Arts & Culture

Discover All Things Regional in Central PA’s art and culture scene. Join hosts Cary Burkett and Joe Ulrich as they make artistic discoveries throughout the midstate. From music and visual arts to theatre, museums, literature and more! Listen every Wednesday and Friday on witf 89.5 and 93.3 for features highlighting the best and brightest cultural happenings in the region.

Steve Rudolph, Friend of PA Jazz

Written by Cary Burkett, Arts & Culture Desk and WITF Host | Oct 3, 2012 2:39 PM

Jazz pianist Steve Rudolph had a gig that most jazz musicians only dream of. For 22 years he was the pianist in the bar at the Hilton Harrisburg, performing six nights a week as soloist or as a duo or trio with other musicians. That long-time position came to an end recently when the hotel changed hands, much to the dismay of many of Rudolph’s fans.

Steve Rudolph grew up in rural Indiana, and played trumpet through high school. But while attending Butler University, he developed issues playing the instrument and switched to piano. He largely taught himself how to play piano, with some advice from a few jazz musician friends.

The jazz scene in Indianapolis at that time was thriving, and Steve got to play with a number of well-known artists who were part of the jazz circuit. He eventually landed a job as pianist with the Tommy Dorsey big band orchestra and began to tour with them.

That tour brought him to Harrisburg in the late 1970’s where after a performance at the Forum, he stayed at the Holiday Inn Town Hotel (now the Crown Plaza).  He got up the next morning and began practicing on a piano he found in the hotel. As Steve tells it,  “ a guy came by and said, you sound pretty good, do you want to play in my club six nights a week?”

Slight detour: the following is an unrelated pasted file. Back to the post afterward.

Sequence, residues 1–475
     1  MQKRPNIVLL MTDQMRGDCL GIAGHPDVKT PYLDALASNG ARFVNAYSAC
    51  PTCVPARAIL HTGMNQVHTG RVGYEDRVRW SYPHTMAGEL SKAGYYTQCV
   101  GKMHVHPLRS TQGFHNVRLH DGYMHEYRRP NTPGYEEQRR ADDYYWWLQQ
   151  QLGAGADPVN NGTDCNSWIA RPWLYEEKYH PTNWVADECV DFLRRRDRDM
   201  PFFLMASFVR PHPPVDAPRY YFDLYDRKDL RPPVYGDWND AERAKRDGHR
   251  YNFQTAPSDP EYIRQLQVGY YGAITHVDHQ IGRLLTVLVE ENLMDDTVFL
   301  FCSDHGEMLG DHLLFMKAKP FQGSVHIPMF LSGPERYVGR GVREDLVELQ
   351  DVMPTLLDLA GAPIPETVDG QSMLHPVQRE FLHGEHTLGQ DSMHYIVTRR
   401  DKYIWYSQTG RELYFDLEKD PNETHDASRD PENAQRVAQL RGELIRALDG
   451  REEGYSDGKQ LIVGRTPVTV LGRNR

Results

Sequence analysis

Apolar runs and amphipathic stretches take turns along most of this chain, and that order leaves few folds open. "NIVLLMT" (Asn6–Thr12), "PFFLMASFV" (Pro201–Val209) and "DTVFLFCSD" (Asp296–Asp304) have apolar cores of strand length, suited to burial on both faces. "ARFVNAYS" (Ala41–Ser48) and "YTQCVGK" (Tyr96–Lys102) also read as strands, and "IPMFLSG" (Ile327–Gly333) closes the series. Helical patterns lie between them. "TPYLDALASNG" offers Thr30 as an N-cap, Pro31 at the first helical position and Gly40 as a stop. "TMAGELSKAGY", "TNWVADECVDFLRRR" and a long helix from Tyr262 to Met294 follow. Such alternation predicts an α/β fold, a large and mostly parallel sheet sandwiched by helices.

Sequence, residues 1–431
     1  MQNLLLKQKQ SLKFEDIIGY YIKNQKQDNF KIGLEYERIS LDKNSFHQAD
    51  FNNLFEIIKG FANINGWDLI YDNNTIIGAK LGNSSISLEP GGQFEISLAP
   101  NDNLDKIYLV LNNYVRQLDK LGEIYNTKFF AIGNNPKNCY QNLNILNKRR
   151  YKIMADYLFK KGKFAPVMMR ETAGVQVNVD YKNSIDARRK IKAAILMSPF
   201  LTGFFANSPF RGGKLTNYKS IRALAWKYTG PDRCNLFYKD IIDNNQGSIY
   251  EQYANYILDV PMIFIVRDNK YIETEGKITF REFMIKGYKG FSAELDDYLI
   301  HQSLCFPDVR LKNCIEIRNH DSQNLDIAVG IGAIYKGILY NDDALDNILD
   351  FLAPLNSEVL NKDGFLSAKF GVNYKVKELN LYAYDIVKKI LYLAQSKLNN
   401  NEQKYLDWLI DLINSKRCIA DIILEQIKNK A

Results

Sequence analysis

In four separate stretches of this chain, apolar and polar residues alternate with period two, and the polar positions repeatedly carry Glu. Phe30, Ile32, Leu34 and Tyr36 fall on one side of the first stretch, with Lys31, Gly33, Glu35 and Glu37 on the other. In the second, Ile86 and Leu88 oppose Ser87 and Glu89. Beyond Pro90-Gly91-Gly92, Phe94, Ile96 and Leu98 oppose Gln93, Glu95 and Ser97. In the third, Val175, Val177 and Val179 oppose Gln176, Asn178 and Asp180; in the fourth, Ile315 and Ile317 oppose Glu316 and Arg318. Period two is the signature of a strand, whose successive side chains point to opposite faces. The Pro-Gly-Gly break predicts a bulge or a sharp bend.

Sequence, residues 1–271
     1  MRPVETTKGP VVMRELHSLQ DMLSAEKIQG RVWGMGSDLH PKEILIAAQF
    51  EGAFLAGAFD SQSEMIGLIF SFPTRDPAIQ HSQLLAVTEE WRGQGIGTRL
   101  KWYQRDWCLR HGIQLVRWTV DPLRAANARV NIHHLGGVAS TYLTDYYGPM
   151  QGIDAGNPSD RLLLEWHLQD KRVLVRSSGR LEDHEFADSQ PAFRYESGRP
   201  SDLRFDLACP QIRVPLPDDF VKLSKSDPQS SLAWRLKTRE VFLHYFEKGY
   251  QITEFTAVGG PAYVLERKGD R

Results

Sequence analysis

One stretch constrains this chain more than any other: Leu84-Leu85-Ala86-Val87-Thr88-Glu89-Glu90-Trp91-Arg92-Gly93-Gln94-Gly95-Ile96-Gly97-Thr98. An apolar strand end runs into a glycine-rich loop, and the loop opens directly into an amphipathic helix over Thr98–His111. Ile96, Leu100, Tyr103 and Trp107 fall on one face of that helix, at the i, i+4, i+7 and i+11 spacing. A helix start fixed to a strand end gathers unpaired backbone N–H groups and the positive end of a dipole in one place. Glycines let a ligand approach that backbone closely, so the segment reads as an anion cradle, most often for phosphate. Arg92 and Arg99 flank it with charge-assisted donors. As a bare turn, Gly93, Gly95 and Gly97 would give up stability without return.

The guy was Robert McNabb, who managed the Dauphin Lounge at the Holiday Inn Town Hotel.  Steve would play there for two years with his trio and with guest artists that included some very well-known jazz musicians such as Johnny Coles, Jr. Cook, Ira Sullivan, Al Grey, Bob Mintzer, Joe Lovano, and many others.

When that gig ended in 1980, the jazz performances had drawn quite a following and the interest was strong enough to launch a non-profit jazz society, the Central PA Friends of Jazz.  The founding fathers included Lee Swartz,  an area lawyer who took care of all the legal work, Jack Snavely , who became financial advisor and membership chairman, Russ Neff, host of My Favorite Things, a jazz program on WITF-FM, who provided promotion, and Steve Rudolph, whose job it was to bring in the musicians.

Central PA Friends of Jazz has continued to be a premiere jazz presence in the region, presenting festivals, jazz camps, sponsored jam sessions and concerts featuring some of the biggest names in jazz. Upcoming concerts include peformances by Rufus Reid on October 14 at the Allen Theatre in Annville and Jackie Ryan on November 11 at the Ware Center in Lancaster.

Below you can hear our interview with Steve Rudolph:


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